Bobby Valentine Makes His Case for Mayor

Former Major League Baseball player and manager Bobby Valentine announced an independent run for mayor of his native Stamford last week, challenging incumbent Democrat David Martin and State Rep. Caroline Simmons, D-Stamford. Valentine owns a restaurant and sports academy in the city, and currently serves as athletic director at Sacred Heart University. 

What inspired you to run for Mayor of Stamford? 

I was inspired by the timing of my life. If I’m ever going to get into public service, which is one of the boxes I’ve always wanted to check, it’s now or it’s never. In the aftermath of the pandemic, my hometown is a city that can shine bright, and it’s going to need some great leadership. I’m hoping to be the person that could provide that leadership. 

You’re challenging the incumbent mayor, David Martin. What decisions has Martin made that you would’ve done differently, had you been in his shoes? 

The idea that he’s being challenged by someone within his party is something that stimulated me to believe that maybe there were decisions that he made that could’ve been done differently, but I don’t keep score. I definitely don’t ever try to make somebody else look bad so that I look good, so that line of questioning is something that I’ll leave the voters to decide. 

What are the policy issues that Stamford voters should be looking at as they consider who to vote for in this election? 

Voters should be looking at leadership quality and experience in leading. In our community, of course, we have a population growth situation that is a wonderful situation to have, but it affects our school system, our housing ecosystem, and our transportation systems. I think all of the ideas that surround population growth need to be addressed in a positive way, and that includes all of the different areas of population growth within our city. 

What policies would you use to address that challenge? 

By the time I’m mayor, there will absolutely be specific policies, but obviously being I’m in a competition, if I start to say what I would do and someone decides that they’re going to do the same thing, I don’t think that’s a prudent thing to do at this time. 

You’ve previously been a registered Republican, and campaigned for Republican Tom Foley when he ran for Governor of Connecticut. Why run unaffiliated? 

I’ve voted for Democrats and Republicans. Our society right now is divided because of the two-party system. I have gotten tired of hearing both sides use the word hate as though it is the main word in their vocabularies, and I don’t think that national politics has any place in a city campaign. I think that this is about people who live in Stamford, not people who are registered in one party or another. I don’t think my politics align with any party, my politics align with people.  

You served as the city’s public safety director back in 2011. What did you learn from that experience? 

It was a very short stint, and I did that as a non-paying job because they needed someone to fill the seat and didn’t have a place in their budget to pay for them. I went in with eyes wide open and tried to learn as much as I could about how the 10th floor operates, which is the Mayor’s floor, and how the different aspects of public safety, emergency medical services, fire, the Board of Health and the Police Department need to work with the Mayor’s office in order for the city to function properly and safely. It was a real learning experience. I don’t claim to be the smartest guy in the room, but I claim to be the hardest worker and a guy who learns quickly.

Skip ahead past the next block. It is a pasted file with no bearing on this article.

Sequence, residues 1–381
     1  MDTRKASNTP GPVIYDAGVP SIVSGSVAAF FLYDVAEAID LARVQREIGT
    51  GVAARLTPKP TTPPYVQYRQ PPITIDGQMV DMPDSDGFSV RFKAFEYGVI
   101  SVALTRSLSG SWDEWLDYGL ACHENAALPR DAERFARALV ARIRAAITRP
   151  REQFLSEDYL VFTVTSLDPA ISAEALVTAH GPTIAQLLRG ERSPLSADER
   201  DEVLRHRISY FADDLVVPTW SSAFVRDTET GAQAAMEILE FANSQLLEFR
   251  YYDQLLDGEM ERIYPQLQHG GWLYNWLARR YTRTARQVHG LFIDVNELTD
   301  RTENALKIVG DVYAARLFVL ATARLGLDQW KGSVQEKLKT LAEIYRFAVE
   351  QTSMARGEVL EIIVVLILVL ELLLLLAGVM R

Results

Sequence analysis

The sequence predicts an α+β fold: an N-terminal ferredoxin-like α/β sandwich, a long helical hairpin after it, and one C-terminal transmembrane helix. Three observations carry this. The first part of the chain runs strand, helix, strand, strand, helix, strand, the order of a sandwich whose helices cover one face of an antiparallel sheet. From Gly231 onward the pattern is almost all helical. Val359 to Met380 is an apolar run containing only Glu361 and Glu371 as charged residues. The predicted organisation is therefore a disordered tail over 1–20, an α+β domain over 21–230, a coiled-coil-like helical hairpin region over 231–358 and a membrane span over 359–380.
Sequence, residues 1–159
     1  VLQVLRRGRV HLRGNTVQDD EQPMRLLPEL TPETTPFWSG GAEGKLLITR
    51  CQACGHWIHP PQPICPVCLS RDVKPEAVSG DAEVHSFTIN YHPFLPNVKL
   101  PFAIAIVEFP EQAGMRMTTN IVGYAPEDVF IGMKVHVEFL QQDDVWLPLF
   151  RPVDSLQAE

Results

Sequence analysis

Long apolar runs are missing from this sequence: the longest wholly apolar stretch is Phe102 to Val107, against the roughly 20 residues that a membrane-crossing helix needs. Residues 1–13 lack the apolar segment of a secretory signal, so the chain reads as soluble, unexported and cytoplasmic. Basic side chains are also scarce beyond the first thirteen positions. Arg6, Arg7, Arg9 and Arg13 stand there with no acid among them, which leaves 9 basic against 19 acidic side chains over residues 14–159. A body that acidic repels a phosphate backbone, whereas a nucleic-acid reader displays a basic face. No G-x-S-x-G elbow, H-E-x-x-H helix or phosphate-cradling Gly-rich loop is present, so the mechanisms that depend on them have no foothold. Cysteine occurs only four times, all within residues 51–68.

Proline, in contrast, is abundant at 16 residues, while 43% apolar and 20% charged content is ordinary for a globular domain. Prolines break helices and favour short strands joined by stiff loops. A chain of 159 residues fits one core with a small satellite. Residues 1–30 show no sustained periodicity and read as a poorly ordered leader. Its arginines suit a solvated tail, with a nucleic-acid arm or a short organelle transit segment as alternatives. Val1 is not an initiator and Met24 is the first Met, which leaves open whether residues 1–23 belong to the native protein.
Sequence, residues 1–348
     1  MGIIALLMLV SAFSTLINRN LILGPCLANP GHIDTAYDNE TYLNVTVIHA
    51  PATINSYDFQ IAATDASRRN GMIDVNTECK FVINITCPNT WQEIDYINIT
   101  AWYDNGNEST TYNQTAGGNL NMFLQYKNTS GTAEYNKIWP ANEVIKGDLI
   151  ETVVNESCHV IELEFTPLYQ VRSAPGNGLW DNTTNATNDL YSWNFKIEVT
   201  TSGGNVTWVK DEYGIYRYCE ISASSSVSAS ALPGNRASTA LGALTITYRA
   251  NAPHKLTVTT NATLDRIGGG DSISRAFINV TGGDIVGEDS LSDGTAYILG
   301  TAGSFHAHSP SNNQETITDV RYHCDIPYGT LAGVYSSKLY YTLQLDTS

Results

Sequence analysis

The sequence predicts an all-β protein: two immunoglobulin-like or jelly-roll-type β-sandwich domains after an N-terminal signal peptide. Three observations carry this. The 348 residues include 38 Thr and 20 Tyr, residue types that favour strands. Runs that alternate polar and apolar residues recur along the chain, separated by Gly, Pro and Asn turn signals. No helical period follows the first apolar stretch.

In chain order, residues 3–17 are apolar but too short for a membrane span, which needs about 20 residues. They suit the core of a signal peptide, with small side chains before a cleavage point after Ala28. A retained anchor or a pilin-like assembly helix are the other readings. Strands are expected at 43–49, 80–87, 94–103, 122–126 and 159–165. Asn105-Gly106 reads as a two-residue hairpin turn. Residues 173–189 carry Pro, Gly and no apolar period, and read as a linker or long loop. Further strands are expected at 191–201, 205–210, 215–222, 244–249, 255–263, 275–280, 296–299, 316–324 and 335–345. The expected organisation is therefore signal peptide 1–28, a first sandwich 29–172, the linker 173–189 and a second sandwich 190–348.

You own a sports bar and a baseball academy in Stamford. What has being a small business owner taught you about the city and its government? 

I’ve been a business owner in Stamford for 40 years, so I’ve had to employ people, service the community, and work within a downtown structure which, when I started in 1980, was less than structured. Business is about people — people you’re working with, working for, or people coming in so that you can stay in business. I had to continually learn how to work with people to keep my businesses open.  

Your opponents in the race are the current mayor and a current state representative. Do you feel you have the necessary policy experience to lead Stamford?  

My experience in everything that I’ve done is surrounding myself with spectacular people who know specific skill sets that I work with. I think one of my greatest skills is, I went to Japan and hired people who didn’t speak my language who had specific skill sets of marketing and teaching and all the other facets of an organization, and I learned to work with them. As I went to higher education, I had to learn to work within the ecosystem of higher education that was foreign to me eight years ago, and I was able to win the Athletic Director of the Year award. 

Policy and politics is one thing, and living in a community in a successful way is another. I’m hoping that I can learn as I go through this campaign and govern for years, but I don’t think that this is about policy, I think this is really about people, and I know people. The experience that I have had in building teams of people who get to the goal and understand success is as much experience as I need to do any job, I believe. 

You believe you could do any job? 

There are a lot of jobs I personally couldn’t do unless I was able to build a team around me. I am not an island unto myself. I’ve learned to trust in people who have skill sets that I don’t have, and I’ve learned to coordinate a system that allows them to be very good at what they do, and reflects on my success also.

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